Include in-store ties: If a consumer inside a store shares a photo to social using an advertised Hashtag and receives the triggered social response immediately, there is a high chance that their follow-through will take place while they are still in the store. Give the entry form an option to click if they are in store and they can receive an immediate coupon for their purchase that day via email. Give all the purchase power you can.
Customize the perks and prizes: Consider giving the entrants an option to chose what type of prize they would like to win. You don’t have to run two separate contests, but it allows the consumer to pinpoint what they really want, and the data will give you a clear idea of the products/prizes that a particular demographic is interested in.
Customize types of content participants can opt-into: Give entrants an option to receive more information about targeted products or brand-relevant information. For instance, allow them to choose from “Shoe Collections,” “Menswear,” “Seasonal Fashions,” “Style Tips,” or “ Philanthropic Efforts.” Again, customizing the content audiences receive will provide valuable data and help drive them to the items they really want to explore and purchase. Platforms like Offerpop even take the process one step further by loading user-generated photos as product suggestions once a user clicks through to a product microsite of the brand’s homepage.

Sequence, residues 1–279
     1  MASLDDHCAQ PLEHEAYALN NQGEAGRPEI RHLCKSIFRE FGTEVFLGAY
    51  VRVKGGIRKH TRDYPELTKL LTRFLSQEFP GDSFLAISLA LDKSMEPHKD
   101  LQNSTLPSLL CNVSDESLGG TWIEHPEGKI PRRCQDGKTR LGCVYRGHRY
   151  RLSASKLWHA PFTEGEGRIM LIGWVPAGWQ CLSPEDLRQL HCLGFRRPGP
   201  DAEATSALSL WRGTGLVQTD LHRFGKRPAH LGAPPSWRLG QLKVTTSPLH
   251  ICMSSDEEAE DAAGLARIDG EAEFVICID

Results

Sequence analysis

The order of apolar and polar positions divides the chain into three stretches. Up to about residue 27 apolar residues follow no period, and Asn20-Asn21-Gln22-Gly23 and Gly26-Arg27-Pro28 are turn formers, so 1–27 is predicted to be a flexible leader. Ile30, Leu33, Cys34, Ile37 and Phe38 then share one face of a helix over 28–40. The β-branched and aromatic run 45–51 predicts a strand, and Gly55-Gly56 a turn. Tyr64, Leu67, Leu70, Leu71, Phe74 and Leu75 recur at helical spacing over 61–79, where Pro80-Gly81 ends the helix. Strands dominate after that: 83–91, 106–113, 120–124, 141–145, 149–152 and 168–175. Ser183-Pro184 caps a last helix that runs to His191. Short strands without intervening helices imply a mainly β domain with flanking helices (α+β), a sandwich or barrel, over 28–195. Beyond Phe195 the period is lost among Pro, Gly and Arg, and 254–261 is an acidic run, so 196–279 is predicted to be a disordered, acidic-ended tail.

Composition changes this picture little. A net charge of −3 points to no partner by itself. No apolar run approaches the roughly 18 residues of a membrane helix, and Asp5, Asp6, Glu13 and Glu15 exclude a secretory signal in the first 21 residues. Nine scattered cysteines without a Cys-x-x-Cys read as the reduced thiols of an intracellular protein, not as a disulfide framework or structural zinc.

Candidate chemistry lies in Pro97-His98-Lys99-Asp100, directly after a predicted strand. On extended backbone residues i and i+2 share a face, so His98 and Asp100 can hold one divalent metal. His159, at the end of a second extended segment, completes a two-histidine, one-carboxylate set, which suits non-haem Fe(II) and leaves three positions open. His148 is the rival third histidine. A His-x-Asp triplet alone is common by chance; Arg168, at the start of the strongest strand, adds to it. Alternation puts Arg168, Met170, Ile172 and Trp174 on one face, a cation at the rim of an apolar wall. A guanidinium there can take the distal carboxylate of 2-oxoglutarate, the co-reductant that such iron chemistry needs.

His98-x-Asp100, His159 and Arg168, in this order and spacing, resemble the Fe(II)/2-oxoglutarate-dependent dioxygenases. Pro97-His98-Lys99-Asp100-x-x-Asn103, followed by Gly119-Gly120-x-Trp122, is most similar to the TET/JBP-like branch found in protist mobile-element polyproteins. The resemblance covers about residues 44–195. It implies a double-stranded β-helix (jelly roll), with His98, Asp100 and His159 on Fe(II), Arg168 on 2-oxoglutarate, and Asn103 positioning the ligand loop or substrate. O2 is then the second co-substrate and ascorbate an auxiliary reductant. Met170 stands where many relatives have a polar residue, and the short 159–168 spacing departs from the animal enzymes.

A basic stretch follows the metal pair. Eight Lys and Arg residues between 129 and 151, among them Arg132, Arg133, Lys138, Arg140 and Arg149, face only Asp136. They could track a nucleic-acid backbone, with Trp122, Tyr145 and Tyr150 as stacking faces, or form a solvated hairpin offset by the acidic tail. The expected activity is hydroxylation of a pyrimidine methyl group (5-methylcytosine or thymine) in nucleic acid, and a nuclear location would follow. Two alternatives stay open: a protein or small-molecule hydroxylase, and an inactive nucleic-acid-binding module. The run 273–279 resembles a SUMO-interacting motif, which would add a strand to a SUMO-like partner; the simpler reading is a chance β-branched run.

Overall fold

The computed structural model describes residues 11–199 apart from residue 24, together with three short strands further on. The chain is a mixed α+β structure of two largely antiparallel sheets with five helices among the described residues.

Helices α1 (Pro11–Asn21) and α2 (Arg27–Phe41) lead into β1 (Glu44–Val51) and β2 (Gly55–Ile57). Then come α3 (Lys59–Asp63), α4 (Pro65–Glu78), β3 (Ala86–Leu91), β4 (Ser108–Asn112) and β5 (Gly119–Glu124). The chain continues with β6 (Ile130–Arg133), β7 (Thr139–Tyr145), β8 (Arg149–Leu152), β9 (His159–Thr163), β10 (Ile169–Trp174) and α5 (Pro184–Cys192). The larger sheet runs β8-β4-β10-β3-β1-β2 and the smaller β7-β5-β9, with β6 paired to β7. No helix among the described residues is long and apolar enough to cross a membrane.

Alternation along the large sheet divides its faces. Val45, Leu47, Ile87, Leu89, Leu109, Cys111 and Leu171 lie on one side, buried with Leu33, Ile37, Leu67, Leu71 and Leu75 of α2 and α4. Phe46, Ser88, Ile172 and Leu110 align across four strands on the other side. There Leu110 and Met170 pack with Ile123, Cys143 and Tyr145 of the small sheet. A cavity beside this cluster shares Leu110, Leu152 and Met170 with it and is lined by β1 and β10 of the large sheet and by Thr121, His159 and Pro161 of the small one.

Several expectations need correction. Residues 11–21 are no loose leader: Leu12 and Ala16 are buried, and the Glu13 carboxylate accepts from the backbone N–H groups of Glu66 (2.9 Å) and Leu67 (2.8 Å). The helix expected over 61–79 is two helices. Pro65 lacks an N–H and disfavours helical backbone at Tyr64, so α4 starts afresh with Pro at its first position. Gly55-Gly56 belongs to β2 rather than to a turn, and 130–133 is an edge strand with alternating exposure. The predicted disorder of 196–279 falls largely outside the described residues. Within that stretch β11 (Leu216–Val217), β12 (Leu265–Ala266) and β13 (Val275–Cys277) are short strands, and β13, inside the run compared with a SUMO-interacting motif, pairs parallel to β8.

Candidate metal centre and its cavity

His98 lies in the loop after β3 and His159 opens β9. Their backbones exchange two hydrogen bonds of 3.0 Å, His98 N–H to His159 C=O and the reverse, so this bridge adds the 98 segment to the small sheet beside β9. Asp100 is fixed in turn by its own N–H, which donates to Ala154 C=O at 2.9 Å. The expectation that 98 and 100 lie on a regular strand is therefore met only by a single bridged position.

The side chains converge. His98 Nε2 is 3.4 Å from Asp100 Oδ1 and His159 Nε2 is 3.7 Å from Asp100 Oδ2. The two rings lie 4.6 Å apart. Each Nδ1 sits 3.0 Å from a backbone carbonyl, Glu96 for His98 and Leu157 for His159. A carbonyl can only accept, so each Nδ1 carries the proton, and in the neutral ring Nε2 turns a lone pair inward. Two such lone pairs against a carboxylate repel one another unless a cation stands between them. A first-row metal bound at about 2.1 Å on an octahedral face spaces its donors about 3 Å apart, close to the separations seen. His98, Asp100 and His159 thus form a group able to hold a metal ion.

Here is a simple, straightforward example from TOMS that gives their visitors to connect further with the brand:
3. Follow-up emails and offers
Not everyone can win the grand prize, but all entrants can still win with your brand. Don’t lose the opportunity to send triggered emails that are targeted, strategic, and useful to your new potential customers.
Immediate coupons and discounts: Get codes and barcodes to the inboxes of participants right away. Again, consider that they may still be in store, and if you can influence a purchase before they walk out, your campaign has come full circle and both you and the customer win.
Product suggestions: Based on the entries of the customer, send out emails that feature specific products relevant to them; a male participant that posted about his new shorts may love to see the spring or summer menswear collection. Brands can do this via social commerce platforms that will build product suggestions right into UGC galleries, and here is an example of that via Lilly Pulitzer:
Customization and timing are the keys to making targeted triggered messages complete the social commerce circle. That’s why routine-style content works; as long as there are a few filters in place and the campaign is properly planned, your brand can easily get the right content to the right people in the blink of an eye. This allows your fans continue serving as social ambassadors, posting content tied to your brand, and lets you reward them without painstakingly crawling through each step.
Guest author: Constance Aguilar is the head of strategic communications for The Abbi Agency, a content marketing and digital communications firm. Follow the Abbi Agency @theabbiagency or follow Constance Aguilar @ConnieAguilar